Mother’s Day Reflections on Raising Future Adults

May 12, 2014 by



I was thinking back through yesterday, Mother’s Day, and am feeling so blessed. My husband and kids spoiled me and made me feel like a queen. They cooked for me, gave me gifts, and said and wrote beautiful words of affirmation and appreciation. But the more I reflect, I believe much of that comes from who they are and how we raised them.

Here is how they spent the day:

1. They started the day at church. We are so thankful that all three of our children and 2 spouses love the Lord their God with all their heart, soul, mind and strength. Believe me, we don’t take that for granted as we know of so many people whose children have rebelled or are still on a journey of discovery.  And we grieve and pray with those parents. But for whatever reason, our children have taken ownership of their relationship with God. And they began Mother’s Day as any other Sabbath, worshiping our Lord.

2. They cooked a meal for me. They know how much I really don’t like to cook. I can do it and don’t want my family to starve, but that is just not a love of mine. I love it when my kids cook for me. My love language is service, and when they serve me that way, I feel so tremendously loved. As an added bonus, their food was wonderful! But they did more than cook me a meal. They demonstrated a knowledge of who I am. They had taken the time to understand me and how they could please me on my special day. And then they went to the time and expense of making that happen. That is really showing genuine love – to take the time to know someone and speak in their love language.

3. They gave me gifts. One of our values we raised the kids with is to be generous. They were very generous this Mother’s Day. Not just by giving me gifts, but with their time in planning the meal and cooking for me and spending their own money for some of the food. Their generous hearts made the day extra special.

4. They value family. After dinner, they asked if I wanted to play a game. We spent the rest of the evening strategizing, battling, and laughing over a game of Ticket to Ride. (Well, only a little laughing because this family is intensely competitive. Lots of game faces.) We did nothing splashy or expensive, but simply spent time together as a family – enjoying each other’s presence.  That was perfect.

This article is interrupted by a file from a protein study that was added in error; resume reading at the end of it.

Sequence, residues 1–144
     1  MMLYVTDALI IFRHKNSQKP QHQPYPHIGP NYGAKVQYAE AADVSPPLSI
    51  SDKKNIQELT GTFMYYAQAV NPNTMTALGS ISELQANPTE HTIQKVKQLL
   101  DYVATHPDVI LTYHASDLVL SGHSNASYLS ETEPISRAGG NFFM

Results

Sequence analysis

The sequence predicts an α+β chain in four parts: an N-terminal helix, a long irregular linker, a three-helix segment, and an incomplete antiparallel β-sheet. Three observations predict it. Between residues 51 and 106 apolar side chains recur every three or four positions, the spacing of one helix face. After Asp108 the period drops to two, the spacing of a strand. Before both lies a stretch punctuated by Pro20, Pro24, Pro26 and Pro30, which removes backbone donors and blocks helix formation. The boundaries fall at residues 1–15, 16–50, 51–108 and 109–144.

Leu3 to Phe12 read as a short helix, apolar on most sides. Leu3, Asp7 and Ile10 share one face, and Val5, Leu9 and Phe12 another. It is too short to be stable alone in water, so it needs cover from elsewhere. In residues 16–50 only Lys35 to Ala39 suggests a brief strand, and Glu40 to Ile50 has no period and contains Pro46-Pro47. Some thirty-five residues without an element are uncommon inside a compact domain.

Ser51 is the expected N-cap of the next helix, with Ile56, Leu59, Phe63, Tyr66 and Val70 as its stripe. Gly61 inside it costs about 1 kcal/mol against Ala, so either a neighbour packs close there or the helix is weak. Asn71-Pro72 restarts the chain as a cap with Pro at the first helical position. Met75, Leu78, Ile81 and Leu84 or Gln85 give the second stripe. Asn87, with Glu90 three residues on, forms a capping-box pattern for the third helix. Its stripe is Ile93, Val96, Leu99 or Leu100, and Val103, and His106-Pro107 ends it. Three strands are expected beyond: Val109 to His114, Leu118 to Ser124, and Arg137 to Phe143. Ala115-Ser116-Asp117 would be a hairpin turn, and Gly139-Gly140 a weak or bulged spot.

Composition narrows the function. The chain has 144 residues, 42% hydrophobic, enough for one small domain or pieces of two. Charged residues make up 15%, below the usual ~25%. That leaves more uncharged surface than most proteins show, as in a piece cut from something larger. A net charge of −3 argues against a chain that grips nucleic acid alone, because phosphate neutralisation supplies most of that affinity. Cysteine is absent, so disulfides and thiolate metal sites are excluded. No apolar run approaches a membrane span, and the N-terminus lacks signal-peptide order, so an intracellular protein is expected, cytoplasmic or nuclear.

I share these things not to brag on my kids or to make anyone feel bad about their Mother’s Day experience. I share as a vision of hope.

You see, all these events stemmed from principles we taught the kids when they were little – devotion to God, showing love, generosity, and valuing family. It’s not something they just suddenly started doing. It’s just that now as adults, they have established these values for their own lives to carry forward.

The hope is for the young mom who is in the throes of child rearing – exhausted, frazzled, and trying her best to keep all the plates spinning. All your hard work is worth it. You are raising future adults.

It’s for the mom of a teenager who is stretching their wings and maybe rebelling against her. Continue to love them and stand strong in the values – you are not done parenting, and they are not done growing up.

It’s for the mom of an adult who has poorly chosen their life path. Never give up on them. There is still hope that they will return to the values you poured into them.

We, as moms, are not perfect, and we are raising imperfect children. But we must continue to hope and believe that instilling values into our children’s lives and lavishing on them unconditional love will direct them onto the right path. They must decide for themselves what road they are going to take. And then we can rejoice and be thankful when they choose to follow the right path.

What values are you training your children to live out now and as adults?


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